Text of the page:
McClatchy: Mixed News


McClatchy: Mixed News

In buying much-larger Knight-Ridder and choosing to keep eight of its 20 papers, including the Charlotte Observer, Kansas City Star and Miami Herald, McClatchy vaults from a regional to a seminational newspaper chain. Charlotte and Miami are good gro

Sometimes there's nothing like a high-profile merger or takeover to spark a lagging stock sector. However, the sale of Knight Ridder to McClatchy (symbol MNI), a Sacramento-based chain known for its high-quality journalism, should resonate more in newsrooms than on the stock exchanges.

For one thing, the deal is more a quasi-merger than a full-scale acquisition. McClatchy plans to resell 12 of the Knight Ridder newspapers into a market where few buyers are apparently willing to pay premium prices for papers. That's especially the case for papers with unionized work forces, which is true of most of the Knight-Ridder properties that McClatchy wants to jettison.

However, newspaper investors face challenges beyond just newsroom staffing. Despite years of layoffs and employee buyouts, profit margins at all major news chains, including Dow Jones, Gannett and New York Times, are at seven-to-nine-year lows. You can blame slow advertising growth -- in some cases, chains have experienced outright declines -- as retailers merge and all kinds of advertising, such as help-wanted and real estate, migrates to the Internet. McClatchy has bucked the advertising and circulation downtrend better than most publishers, but it, too, has seen overall profit margins slide steadily since 1999. And because it will be hard to evaluate the deal to buy Knight-Ridder until it's known what McClatchy gets for the papers it's reselling, the stock will go nowhere or backtrack for a while.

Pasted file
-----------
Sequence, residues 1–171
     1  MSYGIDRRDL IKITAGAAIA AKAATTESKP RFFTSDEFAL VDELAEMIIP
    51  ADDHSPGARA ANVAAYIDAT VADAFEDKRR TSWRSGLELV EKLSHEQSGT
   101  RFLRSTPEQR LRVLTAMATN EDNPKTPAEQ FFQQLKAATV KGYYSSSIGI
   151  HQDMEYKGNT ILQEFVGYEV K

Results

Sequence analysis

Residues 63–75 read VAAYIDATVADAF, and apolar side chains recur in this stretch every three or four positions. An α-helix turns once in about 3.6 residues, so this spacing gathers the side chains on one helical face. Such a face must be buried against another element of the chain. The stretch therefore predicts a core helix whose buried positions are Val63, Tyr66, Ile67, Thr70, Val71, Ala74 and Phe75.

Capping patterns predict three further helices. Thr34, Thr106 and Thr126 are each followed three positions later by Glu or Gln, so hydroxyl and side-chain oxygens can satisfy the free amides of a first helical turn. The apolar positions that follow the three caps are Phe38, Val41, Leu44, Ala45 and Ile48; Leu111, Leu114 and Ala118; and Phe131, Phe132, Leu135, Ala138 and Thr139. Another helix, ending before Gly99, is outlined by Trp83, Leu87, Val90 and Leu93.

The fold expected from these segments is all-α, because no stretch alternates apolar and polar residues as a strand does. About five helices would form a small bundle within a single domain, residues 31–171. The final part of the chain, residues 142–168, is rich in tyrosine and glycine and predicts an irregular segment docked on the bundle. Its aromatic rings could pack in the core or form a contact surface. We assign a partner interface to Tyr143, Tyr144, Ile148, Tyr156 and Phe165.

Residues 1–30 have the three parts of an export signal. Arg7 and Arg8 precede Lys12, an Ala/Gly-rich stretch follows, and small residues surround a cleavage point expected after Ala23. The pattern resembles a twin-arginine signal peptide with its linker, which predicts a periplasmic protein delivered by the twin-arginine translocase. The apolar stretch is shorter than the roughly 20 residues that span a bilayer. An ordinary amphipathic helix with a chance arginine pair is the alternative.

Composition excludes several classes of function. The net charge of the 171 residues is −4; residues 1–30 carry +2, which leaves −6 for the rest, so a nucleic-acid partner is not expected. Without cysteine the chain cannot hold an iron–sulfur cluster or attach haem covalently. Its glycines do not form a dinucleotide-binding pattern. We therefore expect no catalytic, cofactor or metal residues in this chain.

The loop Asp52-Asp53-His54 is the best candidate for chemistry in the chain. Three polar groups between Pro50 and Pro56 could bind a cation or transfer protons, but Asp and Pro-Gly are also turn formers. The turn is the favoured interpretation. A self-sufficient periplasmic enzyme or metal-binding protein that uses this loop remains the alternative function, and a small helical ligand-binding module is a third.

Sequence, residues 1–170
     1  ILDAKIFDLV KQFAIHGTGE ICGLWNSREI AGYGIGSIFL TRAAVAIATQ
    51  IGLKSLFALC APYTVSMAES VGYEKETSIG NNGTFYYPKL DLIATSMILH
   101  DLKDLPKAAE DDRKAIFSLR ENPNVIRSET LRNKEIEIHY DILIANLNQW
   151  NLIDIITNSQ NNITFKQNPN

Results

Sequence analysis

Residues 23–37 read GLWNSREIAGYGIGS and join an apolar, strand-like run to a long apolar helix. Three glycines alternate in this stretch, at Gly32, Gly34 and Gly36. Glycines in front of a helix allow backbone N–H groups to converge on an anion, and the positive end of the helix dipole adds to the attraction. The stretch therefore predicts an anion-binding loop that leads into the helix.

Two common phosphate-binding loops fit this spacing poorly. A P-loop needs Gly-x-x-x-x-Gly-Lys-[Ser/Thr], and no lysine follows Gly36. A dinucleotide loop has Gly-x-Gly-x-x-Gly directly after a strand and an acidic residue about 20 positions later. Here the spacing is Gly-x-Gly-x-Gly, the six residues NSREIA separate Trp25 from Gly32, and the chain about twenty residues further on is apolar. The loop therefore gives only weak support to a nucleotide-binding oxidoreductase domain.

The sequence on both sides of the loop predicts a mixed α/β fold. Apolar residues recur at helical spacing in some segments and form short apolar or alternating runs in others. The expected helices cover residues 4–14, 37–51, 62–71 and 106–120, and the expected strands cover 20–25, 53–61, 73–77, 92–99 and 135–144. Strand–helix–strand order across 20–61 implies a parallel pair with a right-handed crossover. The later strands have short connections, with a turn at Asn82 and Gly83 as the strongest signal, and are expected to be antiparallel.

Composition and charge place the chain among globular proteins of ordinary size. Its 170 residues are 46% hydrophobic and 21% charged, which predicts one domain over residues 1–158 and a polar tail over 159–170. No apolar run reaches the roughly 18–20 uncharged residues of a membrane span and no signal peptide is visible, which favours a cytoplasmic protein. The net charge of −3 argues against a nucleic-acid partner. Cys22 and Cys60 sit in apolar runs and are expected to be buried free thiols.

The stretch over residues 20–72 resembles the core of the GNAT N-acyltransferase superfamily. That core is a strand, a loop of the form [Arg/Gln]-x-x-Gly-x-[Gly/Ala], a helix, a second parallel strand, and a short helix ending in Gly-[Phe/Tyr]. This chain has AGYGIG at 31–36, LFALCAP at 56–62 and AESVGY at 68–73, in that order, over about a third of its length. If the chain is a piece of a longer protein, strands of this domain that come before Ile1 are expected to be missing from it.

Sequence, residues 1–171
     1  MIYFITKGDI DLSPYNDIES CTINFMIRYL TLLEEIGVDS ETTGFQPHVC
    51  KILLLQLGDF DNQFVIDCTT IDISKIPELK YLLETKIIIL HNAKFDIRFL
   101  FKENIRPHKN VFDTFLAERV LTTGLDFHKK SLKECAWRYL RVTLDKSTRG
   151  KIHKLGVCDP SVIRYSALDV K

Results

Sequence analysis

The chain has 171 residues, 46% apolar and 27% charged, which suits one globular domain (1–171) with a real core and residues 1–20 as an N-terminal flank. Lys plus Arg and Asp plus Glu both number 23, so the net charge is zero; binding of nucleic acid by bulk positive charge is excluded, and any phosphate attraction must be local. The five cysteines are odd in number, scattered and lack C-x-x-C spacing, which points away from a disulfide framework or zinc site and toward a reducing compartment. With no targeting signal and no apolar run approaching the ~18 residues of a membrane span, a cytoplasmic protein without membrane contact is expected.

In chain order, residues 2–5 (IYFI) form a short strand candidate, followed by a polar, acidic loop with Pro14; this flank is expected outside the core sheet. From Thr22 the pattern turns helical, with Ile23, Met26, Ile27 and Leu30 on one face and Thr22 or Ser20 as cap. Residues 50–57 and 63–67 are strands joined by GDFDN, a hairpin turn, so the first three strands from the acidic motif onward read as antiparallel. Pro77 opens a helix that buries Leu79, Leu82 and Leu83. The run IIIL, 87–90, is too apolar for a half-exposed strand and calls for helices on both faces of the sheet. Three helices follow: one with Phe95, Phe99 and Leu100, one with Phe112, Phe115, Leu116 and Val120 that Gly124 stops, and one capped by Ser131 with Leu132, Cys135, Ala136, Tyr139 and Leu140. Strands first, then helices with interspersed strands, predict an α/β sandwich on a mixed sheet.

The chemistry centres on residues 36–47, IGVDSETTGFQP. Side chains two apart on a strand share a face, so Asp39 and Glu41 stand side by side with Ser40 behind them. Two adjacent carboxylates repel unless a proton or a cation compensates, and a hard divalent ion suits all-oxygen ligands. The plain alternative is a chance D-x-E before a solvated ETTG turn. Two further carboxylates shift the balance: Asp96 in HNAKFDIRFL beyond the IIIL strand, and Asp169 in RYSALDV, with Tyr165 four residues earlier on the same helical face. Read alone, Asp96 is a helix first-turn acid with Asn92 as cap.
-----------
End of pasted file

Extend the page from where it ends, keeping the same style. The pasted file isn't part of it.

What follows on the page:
The shares fell nearly 1% on Tuesday, to $51, and trade at only 15 times estimated 2006 earnings. But they're not especially cheap, if for no other reason that the unknowns about the rest of the story make estimates even less reliable than usual.


One thing is known, though: The early reaction from analysts to the terms of the transaction is bored to flat-out negative. Lauren Fine of Merrill Lynch, one of the most influential newspaper analysts, says she's neutral, saying that McClatchy is essentially "doubling down" on newspapers and taking on a lot of debt to make this bet. Steven Barlow of Prudential Securities warns to beware of short-term complications, while Brian Shipman of UBS cut his target price for McClatchy a whopping 20%, to $53, based on a host of unknowns. (Target prices themselves are often less useful to investors than whether the analyst is boosting them or slashing.)

Toss in all of the other issues in the newspaper business, such as rising newsprint and energy costs, and it's easy to see why the industry doesn't hold much investment appeal. If you live in Miami or Charlotte, be glad that you'll still have a first-rate newspaper -- but don't rush to buy the new owner's shares.

--Jeffrey R. Kosnett